76,79,81,83,87,88,91,94,95,98-100,105,106 plasma T levels,105 Rosner/Colditz breast cancer score,105 quality of life, 83,90,96 overall survival, 79,80,86,87,103 ease of menopausal symptoms, 84,96 and relative risk of hormone therapy. 89,101,102 Endpoint measurements in female monkeys focused on mammary epithelial proliferation, 75 in transsexuals tumor or cancer development, 77 and in mice tumor progression rate and survival.76
Patients taking estrogen showed improvement in menopausal symptoms, 83, 84 no increase in the risk of recurrence of breast cancer or of death, 80,81,85-88,90-94,96,99-102,105 a reduced risk of colorectal cancer and osteoporosis, 92 a reduction in fractures and myocardial infarctions and an increase in bone density.90 Prevention or reduction in estrogenic cancer risk was found in patients taking a combination of estrogen and testosterone,80,93,99-101 mortality rate did not increase due to breast cancer,80,86 and testosterone counteracted proliferation of breast cells and exerted a protective role. 93,94,96,99 A combination of estrogen and progestins had mixed results. Some studies found a low risk of breast cancer and no trend in increasing breast cancer with increasing duration of HRT; 81,102 whereas, other studies noted that use of HRT increased the risk of breast cancer compared to women never on HRT. 79, 82,103 Patients treated with testosterone/androgens showed an ease in menopausal symptoms, 94, 97 cardiovascular benefits, 96 and no risk or recurrence of breast cancer.94, 97 However, an excess of testosterone was found to be the principal growth stimulator of breast cancer.106 It was also found to be beneficial to implant testosterone at the operation site in women 78and a study with BHRT found it to be safer than synthetic HRT.107 A study using a combination of testosterone and anastrozole showed an improvement in menopausal symptoms without increasing estradiol levels.104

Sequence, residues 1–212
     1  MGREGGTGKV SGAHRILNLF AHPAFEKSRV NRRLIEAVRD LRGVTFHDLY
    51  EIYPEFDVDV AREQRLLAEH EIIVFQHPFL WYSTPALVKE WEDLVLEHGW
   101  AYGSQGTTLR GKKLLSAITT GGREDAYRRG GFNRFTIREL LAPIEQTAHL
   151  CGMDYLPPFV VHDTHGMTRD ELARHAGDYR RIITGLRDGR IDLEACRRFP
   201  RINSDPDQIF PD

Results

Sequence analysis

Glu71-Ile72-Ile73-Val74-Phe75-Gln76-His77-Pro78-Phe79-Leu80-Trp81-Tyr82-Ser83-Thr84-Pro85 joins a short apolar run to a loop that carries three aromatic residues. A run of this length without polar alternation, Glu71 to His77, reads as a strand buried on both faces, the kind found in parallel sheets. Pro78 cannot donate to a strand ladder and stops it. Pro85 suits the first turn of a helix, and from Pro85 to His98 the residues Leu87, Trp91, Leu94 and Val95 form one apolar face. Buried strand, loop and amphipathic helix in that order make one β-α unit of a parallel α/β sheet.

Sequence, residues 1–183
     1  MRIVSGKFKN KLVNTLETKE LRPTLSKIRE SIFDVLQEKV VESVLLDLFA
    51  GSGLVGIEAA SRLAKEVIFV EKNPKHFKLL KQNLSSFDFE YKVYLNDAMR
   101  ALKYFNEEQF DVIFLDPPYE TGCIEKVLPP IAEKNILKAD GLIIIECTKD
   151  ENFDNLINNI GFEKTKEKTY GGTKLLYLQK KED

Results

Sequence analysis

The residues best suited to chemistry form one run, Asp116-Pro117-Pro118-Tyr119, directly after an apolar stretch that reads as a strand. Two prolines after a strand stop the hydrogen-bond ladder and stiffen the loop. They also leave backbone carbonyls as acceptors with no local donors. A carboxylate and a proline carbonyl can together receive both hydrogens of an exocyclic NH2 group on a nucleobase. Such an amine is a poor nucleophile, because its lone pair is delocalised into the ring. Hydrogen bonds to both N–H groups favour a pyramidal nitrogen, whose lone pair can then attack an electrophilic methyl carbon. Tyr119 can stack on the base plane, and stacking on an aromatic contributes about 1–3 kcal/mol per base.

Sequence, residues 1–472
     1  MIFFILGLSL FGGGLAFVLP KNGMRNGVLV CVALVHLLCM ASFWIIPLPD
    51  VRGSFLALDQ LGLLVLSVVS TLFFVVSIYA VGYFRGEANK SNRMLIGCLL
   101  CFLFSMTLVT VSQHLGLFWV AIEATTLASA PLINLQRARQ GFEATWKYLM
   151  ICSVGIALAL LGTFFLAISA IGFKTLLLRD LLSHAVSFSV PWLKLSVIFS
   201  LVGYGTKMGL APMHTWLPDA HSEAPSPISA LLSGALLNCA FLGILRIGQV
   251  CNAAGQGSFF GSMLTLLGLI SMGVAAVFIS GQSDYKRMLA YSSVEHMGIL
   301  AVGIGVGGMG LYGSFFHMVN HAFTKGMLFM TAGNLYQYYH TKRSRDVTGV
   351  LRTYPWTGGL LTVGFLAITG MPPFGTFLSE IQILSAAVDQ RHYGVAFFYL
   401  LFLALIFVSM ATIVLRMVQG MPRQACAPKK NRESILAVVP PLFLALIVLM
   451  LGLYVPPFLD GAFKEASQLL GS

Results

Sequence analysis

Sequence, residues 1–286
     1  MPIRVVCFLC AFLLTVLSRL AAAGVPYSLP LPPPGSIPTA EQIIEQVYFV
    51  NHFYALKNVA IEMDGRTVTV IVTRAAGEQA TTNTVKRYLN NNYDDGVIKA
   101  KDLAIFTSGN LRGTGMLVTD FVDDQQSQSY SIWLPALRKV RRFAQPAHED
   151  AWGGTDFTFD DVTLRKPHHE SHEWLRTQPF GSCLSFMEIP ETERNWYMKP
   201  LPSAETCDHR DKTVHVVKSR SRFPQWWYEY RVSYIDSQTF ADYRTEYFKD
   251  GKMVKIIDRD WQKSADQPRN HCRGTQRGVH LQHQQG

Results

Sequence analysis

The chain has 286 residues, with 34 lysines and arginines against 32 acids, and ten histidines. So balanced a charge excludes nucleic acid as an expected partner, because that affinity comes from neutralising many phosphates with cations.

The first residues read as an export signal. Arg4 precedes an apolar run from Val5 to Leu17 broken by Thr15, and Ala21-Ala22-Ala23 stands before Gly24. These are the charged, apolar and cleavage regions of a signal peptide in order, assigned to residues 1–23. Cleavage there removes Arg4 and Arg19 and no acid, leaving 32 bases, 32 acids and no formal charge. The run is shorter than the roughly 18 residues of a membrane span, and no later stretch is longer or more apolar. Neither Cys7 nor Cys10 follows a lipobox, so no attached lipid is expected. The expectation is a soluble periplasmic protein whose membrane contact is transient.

Results in a study on transsexuals found that a combination of testosterone and estrogen increased the probability of tumors with the duration of exposure to cross-sex hormones.77 Mammary epithelial proliferation was noted to increase in female monkeys after receiving a combination of testosterone and estradiol, 75 and 131 l-norcholesterol (radiotherapy) prevented local regional recurrence and metastatic spread after tumor resection in mice.76
In summary, treatment with HRT and/or BHRT was found to improve quality of life and increased bone density, bone mineral density and muscle mass. Mood, libido and cardiovascular function improved and body fat was reduced, as well as cholesterol and LDH. Risk of prostate and breast cancer was reduced in the majority of the cases reviewed and there was an
improvement in menopausal symptoms. Subcutaneous/percutaneous implants were the most common form of HRT/BHRT administration followed by transdermals and oral hormones. As with any medication, consultation with a physician is recommended to discuss personal risks and whether any version of HRT/BHRT is appropriate to be prescribed.